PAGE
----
The 1st National Congress of the Communist Party of China was held in Shanghai and Jiaxing between July 23 and Aug 2, 1921. It was attended by 13 delegates, including Mao Zedong, and it formally established the CPC, with Chen Duxiu becoming the first general secretary of the CPC Central Committee.
The 20th CPC National Congress is being held in Beijing between Oct 16 to 22, 2022, and 2,296 delegates are attending. Since the first party congress 101 years ago, the role of the CPC has developed exponentially, and it has guided national fortunes for 73 years. As the next party congress will not be held until 2027, seminal decisions are required over the country’s direction of travel and leadership, with the current general secretary, Xi Jinping, expected to secure a third term of office.
Xi’s work report, delivered on October 16, is, as always, an authoritative statement of the party’s plans, and will be closely analyzed. It reviews the past five years, outlines future objectives, and highlights such things as improved living standards, achievements “in both epidemic response and economic and social development”, and the “victory” over corruption. Having emphasized that the “one country, two systems” policy is “a great innovation of socialism with Chinese characteristics”, Xi made clear that it “must be adhered to over the long term”. He also explained how, through the central government’s resolute action in combating “turbulent developments” and its policy of patriots governing the city, order has been restored in Hong Kong, “marking a major turn for the better in the region”. However, despite the progress, global economic problems remain, as also does the threat of foreign interference in the country’s internal affairs.
The price of progress is constant vigilance, and the unexpected should be anticipated. Although, for example, the 19th National Congress in 2017 flagged up the importance of upholding the “one country, two systems” policy for Hong Kong and Macao, few imagined hostile forces were at the time plotting to sabotage it by violent means. Once, however, they launched their insurrection in 2019, it became clear their foreign backers wanted them to wreck Hong Kong, thereby undermining China.
Although this could have marked the end of the “one country, two systems” policy, it has survived. This was because of determined measures in 2020-21, when the National Security Law for Hong Kong was enacted by the Standing Committee of the National People’s Congress, and the city’s electoral system was reformed to exclude political saboteurs and foreign agents from the body politic. While peace and stability have returned, and Xi has emphasized his aspiration for Hong Kong residents to lead a better life, this incident shows just how important it is for the party never to let its guard down.
Undoubtedly lessons have been learned, and the party congress will be aware of the continuing threats to national sovereignty. In particular, the Taiwan question is being relentlessly exploited by outsiders to stoke tensions, and it must be made clear that the one-China principle is sacrosanct. National dignity can never be compromised, and the secessionists must be faced down, by whatever means.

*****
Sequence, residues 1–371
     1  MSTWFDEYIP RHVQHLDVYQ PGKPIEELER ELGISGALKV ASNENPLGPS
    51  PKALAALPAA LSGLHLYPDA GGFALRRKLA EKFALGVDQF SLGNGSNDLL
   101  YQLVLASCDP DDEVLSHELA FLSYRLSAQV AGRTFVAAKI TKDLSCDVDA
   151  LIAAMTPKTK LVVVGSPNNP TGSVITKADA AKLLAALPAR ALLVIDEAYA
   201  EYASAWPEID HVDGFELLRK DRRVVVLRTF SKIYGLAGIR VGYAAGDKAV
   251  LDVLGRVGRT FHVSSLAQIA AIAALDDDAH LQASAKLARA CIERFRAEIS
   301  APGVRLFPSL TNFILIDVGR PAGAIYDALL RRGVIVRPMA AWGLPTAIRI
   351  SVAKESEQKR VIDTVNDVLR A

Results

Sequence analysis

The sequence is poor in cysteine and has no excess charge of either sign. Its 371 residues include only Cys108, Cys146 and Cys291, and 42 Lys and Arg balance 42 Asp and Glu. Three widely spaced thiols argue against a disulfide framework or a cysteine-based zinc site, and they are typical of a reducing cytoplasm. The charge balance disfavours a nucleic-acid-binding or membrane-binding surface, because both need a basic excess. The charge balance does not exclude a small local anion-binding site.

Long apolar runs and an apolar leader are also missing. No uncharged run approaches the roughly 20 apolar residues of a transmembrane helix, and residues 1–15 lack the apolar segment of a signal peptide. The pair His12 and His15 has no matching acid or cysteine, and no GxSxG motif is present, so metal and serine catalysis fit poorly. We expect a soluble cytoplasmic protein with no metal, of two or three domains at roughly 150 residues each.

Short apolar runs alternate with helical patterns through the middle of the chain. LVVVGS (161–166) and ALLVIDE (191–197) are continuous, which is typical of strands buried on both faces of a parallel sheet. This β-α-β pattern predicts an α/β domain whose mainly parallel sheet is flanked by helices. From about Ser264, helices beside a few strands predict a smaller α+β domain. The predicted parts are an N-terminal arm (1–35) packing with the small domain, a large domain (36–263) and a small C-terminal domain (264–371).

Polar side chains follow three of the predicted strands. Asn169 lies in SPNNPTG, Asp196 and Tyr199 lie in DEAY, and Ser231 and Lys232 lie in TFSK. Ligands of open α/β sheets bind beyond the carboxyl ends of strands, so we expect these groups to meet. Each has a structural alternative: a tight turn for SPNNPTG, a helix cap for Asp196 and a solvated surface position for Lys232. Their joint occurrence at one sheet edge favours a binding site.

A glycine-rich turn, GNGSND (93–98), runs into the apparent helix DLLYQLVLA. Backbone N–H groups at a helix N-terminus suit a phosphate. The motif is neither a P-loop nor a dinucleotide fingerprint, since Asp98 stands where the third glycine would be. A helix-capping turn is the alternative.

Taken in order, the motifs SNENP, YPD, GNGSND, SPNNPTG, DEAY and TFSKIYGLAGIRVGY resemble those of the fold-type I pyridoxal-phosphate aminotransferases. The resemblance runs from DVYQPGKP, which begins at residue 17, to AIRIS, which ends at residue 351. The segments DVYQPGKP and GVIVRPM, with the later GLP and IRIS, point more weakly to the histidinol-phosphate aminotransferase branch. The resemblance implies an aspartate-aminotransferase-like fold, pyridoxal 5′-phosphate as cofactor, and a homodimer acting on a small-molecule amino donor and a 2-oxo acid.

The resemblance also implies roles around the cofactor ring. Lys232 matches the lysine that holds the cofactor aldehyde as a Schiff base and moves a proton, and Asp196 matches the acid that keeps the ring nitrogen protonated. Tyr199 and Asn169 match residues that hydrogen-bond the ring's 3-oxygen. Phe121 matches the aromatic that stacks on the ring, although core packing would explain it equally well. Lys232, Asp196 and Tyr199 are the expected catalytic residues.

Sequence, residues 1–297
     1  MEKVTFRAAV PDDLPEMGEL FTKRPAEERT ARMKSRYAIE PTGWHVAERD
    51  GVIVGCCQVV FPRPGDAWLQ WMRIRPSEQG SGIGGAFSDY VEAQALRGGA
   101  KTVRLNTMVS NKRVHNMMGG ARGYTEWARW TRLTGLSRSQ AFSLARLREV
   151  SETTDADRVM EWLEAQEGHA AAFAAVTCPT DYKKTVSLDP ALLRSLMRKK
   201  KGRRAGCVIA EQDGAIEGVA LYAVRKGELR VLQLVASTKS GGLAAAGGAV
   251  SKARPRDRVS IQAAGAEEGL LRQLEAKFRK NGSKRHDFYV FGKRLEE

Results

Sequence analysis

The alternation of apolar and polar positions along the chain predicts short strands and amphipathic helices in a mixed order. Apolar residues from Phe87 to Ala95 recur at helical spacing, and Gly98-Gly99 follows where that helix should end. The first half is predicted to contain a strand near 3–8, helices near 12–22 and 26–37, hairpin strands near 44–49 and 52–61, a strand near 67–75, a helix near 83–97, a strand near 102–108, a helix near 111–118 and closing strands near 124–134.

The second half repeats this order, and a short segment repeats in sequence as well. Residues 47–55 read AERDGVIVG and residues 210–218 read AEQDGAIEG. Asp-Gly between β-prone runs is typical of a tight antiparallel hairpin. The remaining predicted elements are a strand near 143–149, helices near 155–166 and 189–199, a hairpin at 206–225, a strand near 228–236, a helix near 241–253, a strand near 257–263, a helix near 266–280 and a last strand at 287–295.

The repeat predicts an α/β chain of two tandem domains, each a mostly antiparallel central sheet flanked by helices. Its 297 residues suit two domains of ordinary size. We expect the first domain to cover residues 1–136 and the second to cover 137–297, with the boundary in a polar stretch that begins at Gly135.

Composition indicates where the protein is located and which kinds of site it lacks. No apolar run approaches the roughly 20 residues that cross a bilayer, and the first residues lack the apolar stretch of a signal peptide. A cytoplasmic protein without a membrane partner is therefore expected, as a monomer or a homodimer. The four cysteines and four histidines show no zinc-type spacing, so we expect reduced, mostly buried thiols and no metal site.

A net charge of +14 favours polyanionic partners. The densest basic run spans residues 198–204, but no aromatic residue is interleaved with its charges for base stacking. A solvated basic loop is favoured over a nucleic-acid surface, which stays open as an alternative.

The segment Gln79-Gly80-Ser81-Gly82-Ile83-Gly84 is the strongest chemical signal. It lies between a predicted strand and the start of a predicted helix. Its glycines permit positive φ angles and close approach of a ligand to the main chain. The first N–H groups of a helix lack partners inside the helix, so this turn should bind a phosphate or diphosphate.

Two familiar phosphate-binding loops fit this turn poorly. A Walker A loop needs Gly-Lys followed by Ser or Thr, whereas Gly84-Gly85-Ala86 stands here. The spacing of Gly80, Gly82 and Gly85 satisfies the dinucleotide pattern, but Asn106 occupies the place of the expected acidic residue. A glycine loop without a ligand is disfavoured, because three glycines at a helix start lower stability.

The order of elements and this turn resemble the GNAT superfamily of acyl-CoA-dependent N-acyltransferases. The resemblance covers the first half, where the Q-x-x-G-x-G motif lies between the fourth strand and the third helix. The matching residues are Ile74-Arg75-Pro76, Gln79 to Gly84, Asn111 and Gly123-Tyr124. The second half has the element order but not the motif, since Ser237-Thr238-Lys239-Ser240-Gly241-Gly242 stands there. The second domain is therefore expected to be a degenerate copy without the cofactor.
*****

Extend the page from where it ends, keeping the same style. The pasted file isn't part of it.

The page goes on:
If, moreover, national resurgence is to be achieved, economic progress must remain on track. Better lifestyles, national projects, and improved infrastructure all have to be funded, and growth is the key. As China’s geopolitical rivals try to obstruct its progress through sanctions and hostile trade practices, it must, as Xi acknowledged, become more self-sufficient, and this involves maximizing its technological resources. Thus, for example, given that they are the strategic building blocks that underpin the modern world, a greater focus on the development of advanced semiconductors and related technology is essential, and Hong Kong, like Macao, can assist.
Indeed, on July 29, the Hong Kong Trade Development Council revealed that the city’s electronics industry is now its largest merchandise earner, accounting for 72.6 percent of total exports in 2021. Much of this business involves high-tech products, especially those related to telecommunications equipment, semiconductors and computer items. In the 14th Five-Year Plan, the central government gave its support for Hong Kong’s development as an international innovation and technology hub, and the development of new generation microelectronics products is proceeding apace.
When, therefore, Xi was in Hong Kong on July 1, he spoke of how Hong Kong would have “an even greater contribution to make” in achieving “the great rejuvenation of the Chinese nation”, and the party congress will need to give this full weight as it decides the economy’s trajectory over the next five years.
It will also need to factor in the Guangdong-Macao In-Depth Cooperation Zone in Hengqin, as this is providing an opportunity for Macao’s technology innovation and industry transformation. It will develop as a center of international technology that can connect the Asia-Pacific tech ecosystem to the wider world, and this will benefit Chinese companies. Macao will be developing integrated circuits, new energy products, and artificial intelligence, and it is establishing a supply chain for chips, from design to testing, and this must also be fully harnessed for the national good.
Quite apart, therefore, from leveraging upon its role as an international financial, shipping and trading center, Hong Kong, like Macao, can also draw on its technological prowess to help the country, and the party congress will hopefully take this fully on board as it determines the shape of things to come.
The author is a senior counsel and law professor, and was previously the director of public prosecutions of the Hong Kong SAR.
The views do not necessarily reflect those of China Daily.